Portugal is renowned for its protected parks and areas of natural beauty. The country boasts no less than thirteen natural parks, one national park, several natural reserves and numerous protected landscapes.
The Sintra-Cascais Natural Park is one of Portugal’s thirteen designated Natural Parks, stretching from the Sintra town, nestled in the hilltops of the Sintra mountain range, out to Cabo da Roca in the west, which mark’s the westernmost point of the European continent, and down across the plains to Cascais on the Estoril coast to the south.
The area earned its official designation as a Natural Park in 1994 and covers a total area of 145 km2. Thanks to its location just 30km west of Lisbon and the popularity of Sintra and Cascais as tourist destinations in their own right, it is a popular area for exploration and adventure by visitors from all over Portugal, Europe and beyond.
Where architecture and natural beauty meet
The Sintra-Cascais Natural Park is notable for its wide range of landscapes in comparison to its relatively small size, leading UNESCO to classify part of it as a World Heritage Landscape and the European Union to place much of it under its Habitats Directive as a site of community importance. It offers a unique combination of and sea, of beautiful natural scenery and of enchanting architectural heritage.
This is an area where the spires of baroque palaces and escarpments of military castles preside over the lush greenery of the mountain landscape, giving way to the rugged coastline of the Atlantic shores beyond, mixing old and new, nature and nurture in equal measure to dramatic effect.
The Park is separated more or less into two parts – the agricultural area, which is a major fruit and wine producing area as well as producing horticultural products, and the coastal area which is characterised by beaches, cliffs and dunes and flanked by the pine woods that rise away from the water.
Our Nature tour works its way west from Sintra, away from the spires and palaces that erupt through the lush greenery of the mountain peaks, down over the lush green plain of agricultural land as far as the coast, and making its wa south along the shoreline, taking in various well known natural landmarks along the way.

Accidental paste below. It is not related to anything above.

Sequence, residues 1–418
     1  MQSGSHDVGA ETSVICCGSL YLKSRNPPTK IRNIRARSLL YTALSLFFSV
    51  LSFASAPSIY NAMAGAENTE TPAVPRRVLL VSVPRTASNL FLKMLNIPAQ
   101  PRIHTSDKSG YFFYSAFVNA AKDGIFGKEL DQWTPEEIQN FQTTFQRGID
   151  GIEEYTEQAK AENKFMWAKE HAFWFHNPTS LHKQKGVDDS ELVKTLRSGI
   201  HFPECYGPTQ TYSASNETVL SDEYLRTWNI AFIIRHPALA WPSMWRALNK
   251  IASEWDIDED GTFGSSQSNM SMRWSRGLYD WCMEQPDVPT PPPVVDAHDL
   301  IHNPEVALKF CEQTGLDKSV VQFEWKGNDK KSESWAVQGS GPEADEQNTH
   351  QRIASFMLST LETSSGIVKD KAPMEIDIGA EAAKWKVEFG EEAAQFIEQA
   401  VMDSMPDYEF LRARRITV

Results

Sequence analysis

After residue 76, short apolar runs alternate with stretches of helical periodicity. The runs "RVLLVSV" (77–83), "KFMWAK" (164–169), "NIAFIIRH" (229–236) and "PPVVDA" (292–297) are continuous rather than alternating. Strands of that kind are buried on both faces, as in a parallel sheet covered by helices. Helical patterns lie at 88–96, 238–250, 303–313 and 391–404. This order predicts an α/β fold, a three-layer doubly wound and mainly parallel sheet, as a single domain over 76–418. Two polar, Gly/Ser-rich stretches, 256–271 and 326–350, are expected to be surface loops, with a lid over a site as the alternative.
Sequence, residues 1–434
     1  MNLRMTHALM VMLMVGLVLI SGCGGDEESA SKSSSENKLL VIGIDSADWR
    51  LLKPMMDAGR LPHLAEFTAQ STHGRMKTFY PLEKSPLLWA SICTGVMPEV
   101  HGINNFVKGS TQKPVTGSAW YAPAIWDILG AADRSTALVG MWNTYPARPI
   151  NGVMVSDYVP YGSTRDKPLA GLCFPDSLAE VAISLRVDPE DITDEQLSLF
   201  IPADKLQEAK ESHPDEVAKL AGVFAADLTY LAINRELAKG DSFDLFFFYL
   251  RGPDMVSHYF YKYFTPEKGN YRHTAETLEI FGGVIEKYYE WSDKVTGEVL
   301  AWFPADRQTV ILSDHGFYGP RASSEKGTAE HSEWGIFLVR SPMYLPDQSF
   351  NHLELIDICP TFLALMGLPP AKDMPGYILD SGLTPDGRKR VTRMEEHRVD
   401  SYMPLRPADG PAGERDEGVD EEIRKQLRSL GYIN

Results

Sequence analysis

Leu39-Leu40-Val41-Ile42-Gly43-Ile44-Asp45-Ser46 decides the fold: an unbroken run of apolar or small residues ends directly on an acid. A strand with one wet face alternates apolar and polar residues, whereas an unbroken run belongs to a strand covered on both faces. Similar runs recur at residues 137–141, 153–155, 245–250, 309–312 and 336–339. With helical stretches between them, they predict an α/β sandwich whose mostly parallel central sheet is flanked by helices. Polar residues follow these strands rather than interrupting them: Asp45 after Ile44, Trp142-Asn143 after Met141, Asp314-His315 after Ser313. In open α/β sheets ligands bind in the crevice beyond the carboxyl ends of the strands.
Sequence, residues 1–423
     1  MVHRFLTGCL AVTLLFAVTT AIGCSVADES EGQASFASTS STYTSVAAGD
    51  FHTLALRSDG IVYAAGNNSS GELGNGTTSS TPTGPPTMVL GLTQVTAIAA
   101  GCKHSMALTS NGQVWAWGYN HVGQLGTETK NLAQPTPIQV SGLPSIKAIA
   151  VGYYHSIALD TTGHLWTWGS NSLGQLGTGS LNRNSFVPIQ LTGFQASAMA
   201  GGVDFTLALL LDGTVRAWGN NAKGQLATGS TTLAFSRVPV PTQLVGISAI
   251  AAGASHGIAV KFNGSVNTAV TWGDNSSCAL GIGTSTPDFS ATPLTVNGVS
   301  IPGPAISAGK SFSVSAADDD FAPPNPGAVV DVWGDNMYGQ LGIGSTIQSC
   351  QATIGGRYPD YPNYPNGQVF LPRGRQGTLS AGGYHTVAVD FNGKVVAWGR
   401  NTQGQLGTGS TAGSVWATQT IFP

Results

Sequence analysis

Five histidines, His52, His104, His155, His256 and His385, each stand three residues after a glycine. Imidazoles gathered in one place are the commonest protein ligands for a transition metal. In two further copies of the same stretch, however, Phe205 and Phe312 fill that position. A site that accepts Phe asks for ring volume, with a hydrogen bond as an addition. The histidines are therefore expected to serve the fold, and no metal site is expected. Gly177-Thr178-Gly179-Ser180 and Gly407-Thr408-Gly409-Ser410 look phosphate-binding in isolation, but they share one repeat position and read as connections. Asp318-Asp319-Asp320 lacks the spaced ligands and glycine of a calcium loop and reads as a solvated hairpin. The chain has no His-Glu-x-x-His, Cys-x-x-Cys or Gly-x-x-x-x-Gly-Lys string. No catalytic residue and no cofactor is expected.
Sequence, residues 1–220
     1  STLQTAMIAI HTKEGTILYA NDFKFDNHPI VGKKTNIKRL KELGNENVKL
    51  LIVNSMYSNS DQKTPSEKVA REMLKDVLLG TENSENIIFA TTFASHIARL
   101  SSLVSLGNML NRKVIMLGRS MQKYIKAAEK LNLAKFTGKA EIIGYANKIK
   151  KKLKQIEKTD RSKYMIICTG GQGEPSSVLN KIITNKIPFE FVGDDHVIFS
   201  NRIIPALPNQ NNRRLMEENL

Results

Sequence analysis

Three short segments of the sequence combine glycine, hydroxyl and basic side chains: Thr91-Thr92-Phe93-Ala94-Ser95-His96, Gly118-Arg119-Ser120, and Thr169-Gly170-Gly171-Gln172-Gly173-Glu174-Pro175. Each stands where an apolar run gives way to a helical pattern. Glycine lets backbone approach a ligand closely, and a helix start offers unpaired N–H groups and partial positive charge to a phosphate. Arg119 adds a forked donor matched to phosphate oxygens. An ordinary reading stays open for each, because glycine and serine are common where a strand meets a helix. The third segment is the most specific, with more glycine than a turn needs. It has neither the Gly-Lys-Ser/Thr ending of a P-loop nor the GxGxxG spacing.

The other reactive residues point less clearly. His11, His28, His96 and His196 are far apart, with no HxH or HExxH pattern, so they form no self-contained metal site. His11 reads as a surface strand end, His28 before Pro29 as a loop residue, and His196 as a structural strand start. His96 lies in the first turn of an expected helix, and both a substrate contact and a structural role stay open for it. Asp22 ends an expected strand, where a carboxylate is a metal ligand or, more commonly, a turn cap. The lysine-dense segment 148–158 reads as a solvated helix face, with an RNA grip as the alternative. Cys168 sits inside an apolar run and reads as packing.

Heading coastward across the plain one can appreciate the natural beauty of the area, tempered only by agricultural activity and several golf courses that have established themselves here over the decades.
If your itinerary allows, this is the perfect spot to indulge in walking, trekking, horse riding, mountain biking, climbing or abseiling and there are several operators and guides in the area. For up-to-date details contact the tourist office in Sintra on your arrival and research country house hotels or “Quintas” as accommodation options before you travel, as these frequently offer excellent opportunities to explore the natural phenomena of the region right on your doorstep.
Sintra’s beaches are something of a hidden gem, often overlooked by visitors in favour of the more sophisticated Cascais waterfront, but to miss them would be to do the area an injustice.
Praia de Adraga is a lovely little triangle of sand sandwiched between two towering cliffs. Praia de Adraga is accessible by car with parking, and makes the perfect spot for a quick stop before walking the 50-minute cliff-top trail towards the village of Almoçageme and on to the dramatic Praia Grande. It is here at Praia Grande that 120-year-old dinosaur footprints can be seen clearly imprinted in the rock face.
This section of the Atlantic coast is teeming with marine species and make an interesting area for exploring the rock pools, fishing on and off shore and of course enjoying the fruits of the sea in the many fish and seafood restaurants that are to be found on the shores. Octopus, squid and cuttlefish abound along with mussels and clams and a whole host of crustaceans just waiting to be discovered.
Finish your day of natural explorations at Europe’s westernmost point, Cabo da Roca. Here at Cabo da Roca you can enjoy some dramatic views from the high cliffs and rock formations that fall away sharply to the wild seas below.